Put it in writing.
As one of the founding fathers of modern psychology, Dr. William James spent his entire professional life studying human behavior. He wanted to know what made people tick, and he wanted to know what brought out their best. So he wrote scores of text books.
Near the end of his life, however, Dr. James was an old man dying on a hospital bed. Time was running out. But one day he received a plant from a friend. In his weakened condition, Dr. James wrote a note of thanks for the plant.
As he wrote the note, he said it suddenly dawned on him that the “deepest craving in human nature was the craving to be appreciated.” It was so obvious that he had overlooked it in all of his research. So Dr. James got off his deathbed and rewrote one of his books.
He said the craving to feel appreciated is seldom if ever totally satisfied. If you go out into the world and make people feel appreciated, Dr. James said you will have power — not power over them, but power with them.
I think he’s right. When you make people feel genuinely appreciated, you stand out from the crowd. After all, most people don’t bother to do it. They figure you already know that you’re appreciated, so there’s no need to say it or write it.
They’re wrong. Even though people might know they’ve done a good job, and even though they might know they’re appreciated, they need to hear it and they need to read it.
And often times, the notes you write are more powerful than the words you say. Written notes take a bit more work than simply saying something, and written notes can be kept and reread for years to come.
So I’m urging you in today’s Tip to put it in writing. And if possible put it in your own handwriting — partly because it’s so rare and partly because it’s so personal.
Of course people make all kinds of excuses. They tell me they don’t know what to write or how to write. So let me give you a few guidelines.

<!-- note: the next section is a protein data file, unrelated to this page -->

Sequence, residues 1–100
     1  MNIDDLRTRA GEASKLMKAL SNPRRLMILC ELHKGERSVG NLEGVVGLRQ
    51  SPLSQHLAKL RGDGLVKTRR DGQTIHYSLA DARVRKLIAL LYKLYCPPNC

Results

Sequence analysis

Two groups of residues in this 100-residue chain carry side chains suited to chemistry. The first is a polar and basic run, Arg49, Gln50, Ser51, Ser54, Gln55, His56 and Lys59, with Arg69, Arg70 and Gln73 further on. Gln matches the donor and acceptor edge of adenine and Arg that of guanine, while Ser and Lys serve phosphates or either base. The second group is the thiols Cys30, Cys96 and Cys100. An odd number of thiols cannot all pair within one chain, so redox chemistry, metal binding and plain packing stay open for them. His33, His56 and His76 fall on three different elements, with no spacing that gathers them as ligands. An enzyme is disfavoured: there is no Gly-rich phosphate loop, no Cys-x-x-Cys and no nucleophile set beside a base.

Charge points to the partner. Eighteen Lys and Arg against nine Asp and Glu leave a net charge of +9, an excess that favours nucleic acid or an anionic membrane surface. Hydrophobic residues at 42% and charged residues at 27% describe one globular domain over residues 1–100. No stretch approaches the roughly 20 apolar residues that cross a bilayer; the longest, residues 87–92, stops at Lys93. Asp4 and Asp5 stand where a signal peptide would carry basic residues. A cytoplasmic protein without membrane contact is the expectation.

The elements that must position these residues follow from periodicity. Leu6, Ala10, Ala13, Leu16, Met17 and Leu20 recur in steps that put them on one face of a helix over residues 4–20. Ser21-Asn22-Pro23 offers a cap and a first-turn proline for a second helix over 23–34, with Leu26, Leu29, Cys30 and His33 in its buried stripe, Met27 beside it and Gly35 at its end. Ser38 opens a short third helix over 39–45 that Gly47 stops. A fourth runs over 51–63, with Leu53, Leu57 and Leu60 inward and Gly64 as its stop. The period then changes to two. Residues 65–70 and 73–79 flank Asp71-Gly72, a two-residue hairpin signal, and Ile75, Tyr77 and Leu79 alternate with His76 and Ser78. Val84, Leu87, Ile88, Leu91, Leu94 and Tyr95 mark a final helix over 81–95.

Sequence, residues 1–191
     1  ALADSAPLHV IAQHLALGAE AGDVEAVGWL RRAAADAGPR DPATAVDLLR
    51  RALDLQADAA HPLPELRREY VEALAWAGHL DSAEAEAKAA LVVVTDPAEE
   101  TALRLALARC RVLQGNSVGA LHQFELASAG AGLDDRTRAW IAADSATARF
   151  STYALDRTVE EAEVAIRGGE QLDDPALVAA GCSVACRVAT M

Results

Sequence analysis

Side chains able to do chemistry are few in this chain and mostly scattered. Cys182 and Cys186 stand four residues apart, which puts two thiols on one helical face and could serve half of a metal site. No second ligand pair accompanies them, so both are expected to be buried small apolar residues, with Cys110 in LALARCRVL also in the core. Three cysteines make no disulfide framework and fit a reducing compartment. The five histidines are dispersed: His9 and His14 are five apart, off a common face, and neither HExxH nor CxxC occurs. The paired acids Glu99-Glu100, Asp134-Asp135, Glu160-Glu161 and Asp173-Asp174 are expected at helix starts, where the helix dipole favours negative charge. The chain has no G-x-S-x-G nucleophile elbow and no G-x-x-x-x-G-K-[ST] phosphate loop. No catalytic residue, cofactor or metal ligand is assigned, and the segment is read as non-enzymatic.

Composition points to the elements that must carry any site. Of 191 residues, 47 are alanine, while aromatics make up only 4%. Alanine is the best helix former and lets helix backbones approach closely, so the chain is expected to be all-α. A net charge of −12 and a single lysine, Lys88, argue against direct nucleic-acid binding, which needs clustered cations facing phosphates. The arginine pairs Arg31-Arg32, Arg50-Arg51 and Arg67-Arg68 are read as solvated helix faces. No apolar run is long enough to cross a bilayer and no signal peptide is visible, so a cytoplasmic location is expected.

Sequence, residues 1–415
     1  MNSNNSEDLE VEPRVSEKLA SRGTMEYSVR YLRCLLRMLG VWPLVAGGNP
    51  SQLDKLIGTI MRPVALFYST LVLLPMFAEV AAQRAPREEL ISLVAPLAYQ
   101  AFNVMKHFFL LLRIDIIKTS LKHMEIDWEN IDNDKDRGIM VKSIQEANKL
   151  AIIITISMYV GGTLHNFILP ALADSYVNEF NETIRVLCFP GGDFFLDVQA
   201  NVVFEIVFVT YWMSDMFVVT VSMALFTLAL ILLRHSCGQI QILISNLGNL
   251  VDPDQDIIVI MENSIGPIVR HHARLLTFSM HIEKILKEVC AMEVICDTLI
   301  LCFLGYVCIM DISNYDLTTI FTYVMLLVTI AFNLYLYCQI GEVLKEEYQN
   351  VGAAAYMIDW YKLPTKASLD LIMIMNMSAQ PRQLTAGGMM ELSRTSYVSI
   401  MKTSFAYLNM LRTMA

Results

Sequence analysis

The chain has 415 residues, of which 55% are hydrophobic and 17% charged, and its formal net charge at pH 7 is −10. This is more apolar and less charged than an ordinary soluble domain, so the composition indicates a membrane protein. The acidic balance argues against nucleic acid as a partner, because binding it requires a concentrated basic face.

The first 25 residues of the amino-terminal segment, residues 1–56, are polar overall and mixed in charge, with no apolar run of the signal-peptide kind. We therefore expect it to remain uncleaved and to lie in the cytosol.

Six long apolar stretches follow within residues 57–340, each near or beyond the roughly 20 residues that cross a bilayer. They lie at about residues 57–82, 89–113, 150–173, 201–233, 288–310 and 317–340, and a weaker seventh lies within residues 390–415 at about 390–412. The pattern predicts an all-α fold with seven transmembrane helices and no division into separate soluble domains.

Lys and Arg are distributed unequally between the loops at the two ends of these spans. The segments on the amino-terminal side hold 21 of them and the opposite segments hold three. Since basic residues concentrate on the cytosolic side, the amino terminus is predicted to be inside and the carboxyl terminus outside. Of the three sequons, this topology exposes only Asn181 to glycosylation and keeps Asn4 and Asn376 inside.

TELL THE IMPORTANT PEOPLE IN YOUR LIFE HOW IMPORTANT THEY ARE. Your notes will be saved and savored for years.
I learned that after the deaths of my grandparents. Somehow or other it became my responsibility to help settle their estates and organize the auctions of their worldly goods. And there, in a place of prominence, were all the letters I had ever sent them, from age 18 up until the present. My grandparents were extremely important to me, and I had told them so over and over again.
Carl Coleman witnessed a similar incident. While driving to work one day, another driver crashed into his bumper. The female driver of the other car got out of her car, all distraught, admitting it was her fault. But she dreaded facing her husband because her new car had come out of the showroom only two days before.
Carl was sympathetic, but he had to exchange license numbers and registration dates. She went to her glove compartment to retrieve her documents. Tumbling out of the envelope, written in her husband’s distinctive handwriting, was a note that said, “In case of accident, remember Honey, it’s you I love, not the car.”
Do you think that note calmed her fears? And do you think that note affirmed her importance? Absolutely. People are important, and they need to hear they’re important.
As simple as that sounds, lots of people don’t “get” it. I hear parents say, “We’ve given our children everything they’ve ever wanted.” And I hear managers say, “We’ve given our employees everything they’ve ever wanted.” The problem is — they don’t know “if” they’re wanted. So put it in writing.
YOU SHOULD ALSO WRITE OUT YOUR THANKS. A spoken “thank you” is nice. It’s almost always welcome and appreciated. But a written thank you may be kept and read over and over again. It continues to feed people’s spirits.